COLLINS: I guess the next point is, did NASA have enough sense of what it wanted? You've sort of described the clarification of priorities, but it still seems that a greater specification of the engineering details needed to be made to do these kinds of contracts.
MUELLER: Indeed, we did work over a period of six months to work out the specifications and the details of these contracts. But again, the incentives were basically on schedule and cost, and those are things that can be set to some extent while you're setting your specifications up so that you can agree on some overall figures and recognize, as always, that particularly in a program of that magnitude, there will be changes. So we did provide for changes in the contracts, and that's an important ingredient. You can't make a contract at the beginning when you aren't sure what kind of insulation you're going to use in the second stage that defines exactly what that's going to cost and how you're going to go about doing it. So you need to preserve flexibility as well.
COLLINS: How do you balance flexibility and the incentive elements of the contract?
MUELLER: With a lot of good engineers. That's essentially what you do. You've got to have a close working relationship and a really good set of engineers who can make the right sort of value judgments.
COLLINS: Engineers on both the NASA side and the contractor side.
MUELLER: Exactly, and if you don't have good engineers on one side, you aren't going to have them on the other is what it amounts to, so it's essential that the government have good engineers and that the contractors have good engineers. We were fortunate, of course, in being able to draw upon Bellcom and eventually on Boeing, which provided us with engineering resources, in addition to those that were quite strong at that time in the government.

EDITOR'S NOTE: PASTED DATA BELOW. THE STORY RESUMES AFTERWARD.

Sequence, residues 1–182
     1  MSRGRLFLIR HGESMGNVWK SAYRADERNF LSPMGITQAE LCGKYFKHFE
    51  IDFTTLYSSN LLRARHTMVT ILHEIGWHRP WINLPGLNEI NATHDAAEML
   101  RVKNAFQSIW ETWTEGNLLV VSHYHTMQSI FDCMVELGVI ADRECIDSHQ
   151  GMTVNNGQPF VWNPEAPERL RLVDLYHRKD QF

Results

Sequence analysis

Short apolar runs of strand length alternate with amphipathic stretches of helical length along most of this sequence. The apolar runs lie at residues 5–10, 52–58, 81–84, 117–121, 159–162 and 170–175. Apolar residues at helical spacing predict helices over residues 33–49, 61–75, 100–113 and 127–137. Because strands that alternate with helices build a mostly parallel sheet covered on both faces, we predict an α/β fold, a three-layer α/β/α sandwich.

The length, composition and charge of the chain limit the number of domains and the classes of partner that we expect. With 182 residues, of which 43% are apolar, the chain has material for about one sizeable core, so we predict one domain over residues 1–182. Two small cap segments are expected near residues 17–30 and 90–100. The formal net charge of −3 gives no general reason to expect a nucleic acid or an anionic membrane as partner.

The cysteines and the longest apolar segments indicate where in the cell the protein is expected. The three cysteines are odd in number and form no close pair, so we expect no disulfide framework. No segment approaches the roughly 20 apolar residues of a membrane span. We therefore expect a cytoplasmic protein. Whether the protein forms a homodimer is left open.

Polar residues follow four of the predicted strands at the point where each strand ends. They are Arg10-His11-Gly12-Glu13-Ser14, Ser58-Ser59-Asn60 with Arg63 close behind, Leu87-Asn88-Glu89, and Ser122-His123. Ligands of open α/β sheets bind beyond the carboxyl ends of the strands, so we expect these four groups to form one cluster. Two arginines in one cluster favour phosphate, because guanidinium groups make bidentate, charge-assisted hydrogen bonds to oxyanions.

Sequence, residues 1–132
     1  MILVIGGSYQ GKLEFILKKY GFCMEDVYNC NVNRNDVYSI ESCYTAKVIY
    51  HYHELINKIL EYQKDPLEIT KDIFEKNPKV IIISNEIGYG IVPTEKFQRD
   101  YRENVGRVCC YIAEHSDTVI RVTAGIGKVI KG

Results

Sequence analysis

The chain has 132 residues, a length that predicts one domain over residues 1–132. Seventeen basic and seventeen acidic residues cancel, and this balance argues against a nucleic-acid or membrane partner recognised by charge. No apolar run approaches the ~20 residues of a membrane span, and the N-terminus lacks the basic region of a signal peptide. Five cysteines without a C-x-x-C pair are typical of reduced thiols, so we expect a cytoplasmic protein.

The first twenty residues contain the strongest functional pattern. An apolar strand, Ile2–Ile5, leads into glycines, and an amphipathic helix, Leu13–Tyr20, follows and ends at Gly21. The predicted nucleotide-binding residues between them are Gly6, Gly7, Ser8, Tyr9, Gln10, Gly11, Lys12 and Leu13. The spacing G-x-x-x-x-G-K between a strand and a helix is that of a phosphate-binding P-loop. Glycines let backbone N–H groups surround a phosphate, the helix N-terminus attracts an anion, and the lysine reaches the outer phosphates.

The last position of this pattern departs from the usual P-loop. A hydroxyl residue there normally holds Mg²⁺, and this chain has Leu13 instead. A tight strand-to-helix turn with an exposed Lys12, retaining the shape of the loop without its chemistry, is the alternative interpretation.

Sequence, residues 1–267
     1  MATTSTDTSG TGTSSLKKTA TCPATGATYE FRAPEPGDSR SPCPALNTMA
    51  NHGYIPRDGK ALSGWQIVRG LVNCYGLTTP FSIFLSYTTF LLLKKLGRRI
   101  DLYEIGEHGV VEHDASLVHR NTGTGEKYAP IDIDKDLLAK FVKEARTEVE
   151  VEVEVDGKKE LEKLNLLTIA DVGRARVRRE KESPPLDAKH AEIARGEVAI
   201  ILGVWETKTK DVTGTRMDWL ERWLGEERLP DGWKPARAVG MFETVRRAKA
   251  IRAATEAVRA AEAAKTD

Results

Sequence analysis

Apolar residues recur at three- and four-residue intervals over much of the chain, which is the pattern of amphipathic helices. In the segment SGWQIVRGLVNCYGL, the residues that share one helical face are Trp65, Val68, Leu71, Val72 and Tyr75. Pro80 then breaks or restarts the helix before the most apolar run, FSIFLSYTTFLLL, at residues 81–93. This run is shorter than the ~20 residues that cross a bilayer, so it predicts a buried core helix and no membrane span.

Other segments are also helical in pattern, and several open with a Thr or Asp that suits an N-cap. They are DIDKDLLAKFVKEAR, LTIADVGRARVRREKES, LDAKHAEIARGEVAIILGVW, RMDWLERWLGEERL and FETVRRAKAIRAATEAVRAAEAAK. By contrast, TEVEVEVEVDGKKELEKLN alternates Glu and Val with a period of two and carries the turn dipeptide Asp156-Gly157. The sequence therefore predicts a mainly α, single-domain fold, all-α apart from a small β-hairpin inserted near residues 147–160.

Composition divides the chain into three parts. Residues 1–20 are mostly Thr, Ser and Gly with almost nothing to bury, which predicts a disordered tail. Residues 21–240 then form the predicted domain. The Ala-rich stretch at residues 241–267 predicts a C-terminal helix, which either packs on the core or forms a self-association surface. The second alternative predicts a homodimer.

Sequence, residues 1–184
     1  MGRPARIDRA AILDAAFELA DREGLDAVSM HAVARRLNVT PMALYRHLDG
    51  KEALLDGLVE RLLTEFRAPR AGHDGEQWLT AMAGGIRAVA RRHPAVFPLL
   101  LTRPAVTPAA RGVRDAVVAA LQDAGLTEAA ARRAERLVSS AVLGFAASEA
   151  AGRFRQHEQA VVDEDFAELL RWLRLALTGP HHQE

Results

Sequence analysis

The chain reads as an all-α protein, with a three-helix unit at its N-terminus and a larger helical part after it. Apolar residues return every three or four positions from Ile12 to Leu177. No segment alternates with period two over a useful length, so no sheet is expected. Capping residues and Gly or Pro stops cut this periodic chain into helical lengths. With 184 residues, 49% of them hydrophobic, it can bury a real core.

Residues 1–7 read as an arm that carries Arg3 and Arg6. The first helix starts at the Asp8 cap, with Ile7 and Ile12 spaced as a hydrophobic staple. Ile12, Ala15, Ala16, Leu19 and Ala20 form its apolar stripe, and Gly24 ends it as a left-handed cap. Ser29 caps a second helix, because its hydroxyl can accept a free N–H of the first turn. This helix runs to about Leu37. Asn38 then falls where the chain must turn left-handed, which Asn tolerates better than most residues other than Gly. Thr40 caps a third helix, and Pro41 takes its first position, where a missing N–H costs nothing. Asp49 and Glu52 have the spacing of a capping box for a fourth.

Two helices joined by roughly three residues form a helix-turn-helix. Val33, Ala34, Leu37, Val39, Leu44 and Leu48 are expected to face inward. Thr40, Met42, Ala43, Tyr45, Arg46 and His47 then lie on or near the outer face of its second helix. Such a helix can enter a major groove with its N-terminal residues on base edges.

COLLINS: Was the kind of engineering that needed to be accomplished in Apollo of such nature that most of these contracts could be changed over to incentive contracts? Were there any instances of research or development activity that simply weren't amenable to incentive contract?
MUELLER: Well, when you're thinking of research and development contracts not being amenable, I would argue, that's not really the case. If you've got pure research, there's no point in having or trying to have an incentive contract. So much of the work in advanced research and technology isn't particularly amenable to anything other than the kind of incentives that are based upon an evaluation, and those are very effective, but in the case of Apollo, we were doing a fair part of advanced development. At least the engines were all new. The stages had a different structure and so on. But yes, you can incentivize those contracts, and it isn't all that difficult to do, but you do have to recognize that you may have to change. But at least if you change, it's from a baseline of understanding. Most of our first six months or nine months were set in developing a baseline, both at the highest level and then at every level underneath that, so that we had some basis for making our incentive contract changes. And those changes took place over a period of a year.
COLLINS: In making the initial contract awards, NASA went through a process of evaluating companies' technical capability as well as their management capability. When you went to change these contracts over to incentive contracts, did those kinds of issues come up again, or was it simply a question of contract detail rather than a re-evaluation of what the company might be able to do?